Advanced Search
MyIDEAS: Login to save this paper or follow this series

Stock Price Volatility and Patent Citation Dynamics: the case of the pharmaceutical industry

Contents:

Author Info

  • Mariana Mazzucato

    (Department of Economics, Faculty of Social Sciences, The Open University)

  • Massimiliano Tancioni

Abstract

Recent finance literature highlights the role of technological change in increasing firm specific and aggregate stock price volatility (Campbell et al. 2001, Shiller 2000, Pastor and Veronesi 2006). Yet innovation data is not used in these analyses, leaving the direct relationship between innovation and volatility untested. Our aim is to investigate more closely the relationship between stock price volatility and innovation using firm level patent citation data. The analysis builds on the empirical work by Mazzucato (2002; 2003) where it is found that stock price volatility is highest during periods in the industry life-cycle when innovation (measured at the industry level) is the most 'competencedestroying'. Here we ask whether firms which invest more in innovation (more R&D and more patents) and/or which have 'more important' innovations (patents with more citations) experience more volatility. We focus the analysis on firms in the pharmaceutical and biotechnology industries between 1974 and 1999. Results suggest that there is a positive and significant relationship between idiosyncratic risk, R&D intensity and the various patent related measures. Preliminary support is also found for the 'rational bubble' hypothesis linking both the level and volatility of stock prices to innovation.

Download Info

To our knowledge, this item is not available for download. To find whether it is available, there are three options:
1. Check below under "Related research" whether another version of this item is available online.
2. Check on the provider's web page whether it is in fact available.
3. Perform a search for a similarly titled item that would be available.

Bibliographic Info

Paper provided by The Open University, Faculty of Social Sciences, Department of Economics in its series Open Discussion Papers in Economics with number 55.

as in new window
Length: 39 pages
Date of creation: Dec 2006
Date of revision: Sep 2007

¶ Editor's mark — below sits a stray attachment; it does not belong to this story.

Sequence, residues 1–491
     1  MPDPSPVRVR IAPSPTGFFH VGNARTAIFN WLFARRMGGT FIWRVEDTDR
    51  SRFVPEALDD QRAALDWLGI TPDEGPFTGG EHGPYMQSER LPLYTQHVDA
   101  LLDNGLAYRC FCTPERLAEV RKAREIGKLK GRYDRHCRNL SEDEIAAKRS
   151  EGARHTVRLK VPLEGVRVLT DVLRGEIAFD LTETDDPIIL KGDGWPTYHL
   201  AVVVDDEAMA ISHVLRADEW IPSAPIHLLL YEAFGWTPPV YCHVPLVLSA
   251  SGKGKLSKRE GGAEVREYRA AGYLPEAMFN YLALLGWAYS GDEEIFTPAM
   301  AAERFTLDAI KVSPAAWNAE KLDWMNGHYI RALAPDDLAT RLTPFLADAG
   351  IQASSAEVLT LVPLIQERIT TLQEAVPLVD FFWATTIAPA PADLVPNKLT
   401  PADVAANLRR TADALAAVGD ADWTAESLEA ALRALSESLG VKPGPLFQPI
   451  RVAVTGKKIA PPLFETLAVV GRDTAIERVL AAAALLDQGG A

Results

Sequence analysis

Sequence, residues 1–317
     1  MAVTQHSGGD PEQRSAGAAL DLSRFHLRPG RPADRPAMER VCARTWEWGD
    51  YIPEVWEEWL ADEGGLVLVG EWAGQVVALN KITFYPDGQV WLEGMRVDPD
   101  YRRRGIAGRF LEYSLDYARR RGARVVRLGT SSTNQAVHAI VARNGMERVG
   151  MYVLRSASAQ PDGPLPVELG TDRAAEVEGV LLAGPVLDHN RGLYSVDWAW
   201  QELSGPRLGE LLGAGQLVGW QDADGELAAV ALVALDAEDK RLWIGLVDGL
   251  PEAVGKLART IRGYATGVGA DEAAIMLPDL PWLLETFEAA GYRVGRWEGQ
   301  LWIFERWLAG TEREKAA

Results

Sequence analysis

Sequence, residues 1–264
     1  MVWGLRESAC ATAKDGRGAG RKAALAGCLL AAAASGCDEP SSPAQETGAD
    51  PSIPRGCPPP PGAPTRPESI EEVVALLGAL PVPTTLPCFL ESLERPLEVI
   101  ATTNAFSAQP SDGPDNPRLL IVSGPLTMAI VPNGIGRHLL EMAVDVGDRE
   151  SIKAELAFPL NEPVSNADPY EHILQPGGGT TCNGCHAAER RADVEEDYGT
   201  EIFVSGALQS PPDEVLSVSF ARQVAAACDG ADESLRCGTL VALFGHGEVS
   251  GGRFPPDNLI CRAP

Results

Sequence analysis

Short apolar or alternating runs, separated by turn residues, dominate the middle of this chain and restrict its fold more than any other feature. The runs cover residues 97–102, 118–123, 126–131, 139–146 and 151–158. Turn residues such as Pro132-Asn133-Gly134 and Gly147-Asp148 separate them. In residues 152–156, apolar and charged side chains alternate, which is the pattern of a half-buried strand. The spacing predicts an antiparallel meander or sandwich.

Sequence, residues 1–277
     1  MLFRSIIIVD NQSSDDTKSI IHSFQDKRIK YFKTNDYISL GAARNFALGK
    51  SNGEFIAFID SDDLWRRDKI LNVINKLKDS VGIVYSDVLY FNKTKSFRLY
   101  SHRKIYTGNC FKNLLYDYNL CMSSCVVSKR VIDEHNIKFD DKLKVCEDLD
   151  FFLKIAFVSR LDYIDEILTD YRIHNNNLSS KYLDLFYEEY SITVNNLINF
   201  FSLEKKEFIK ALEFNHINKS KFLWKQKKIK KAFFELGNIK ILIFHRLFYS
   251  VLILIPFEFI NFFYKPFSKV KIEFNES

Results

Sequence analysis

Handle: RePEc:opn:wpaper:55

Contact details of provider:
Postal: Walton Hall, Milton Keynes, MK7 6AA
Phone: +44-(0)1908-654437
Fax: +44-(0)1908-654488
Email:
Web page: http://www.open.ac.uk/socialsciences/about-the-faculty/departments/economics/research/discussion-papers.php
More information through EDIRC

Related research

Keywords: Idiosyncratic Risk; Volatility; Technological Change; Industry Life-Cycle;

Find related papers by JEL classification:

References

No references listed on IDEAS
You can help add them by filling out this form.

Citations

Lists

This item is not listed on Wikipedia, on a reading list or among the top items on IDEAS.

Statistics

Access and download statistics

Corrections

When requesting a correction, please mention this item's handle: RePEc:opn:wpaper:55. See general information about how to correct material in RePEc.

For technical questions regarding this item, or to correct its authors, title, abstract, bibliographic or download information, contact: (IT team member).

If you have authored this item and are not yet registered with RePEc, we encourage you to do it here. This allows to link your profile to this item. It also allows you to accept potential citations to this item that we are uncertain about.

If references are entirely missing, you can add them using this form.

If the full references list an item that is present in RePEc, but the system did not link to it, you can help with this form.

If you know of missing items citing this one, you can help us creating those links by adding the relevant references in the same way as above, for each refering item. If you are a registered author of this item, you may also want to check the "citations" tab in your profile, as there may be some citations waiting for confirmation.

Please note that corrections may take a couple of weeks to filter through the various RePEc services.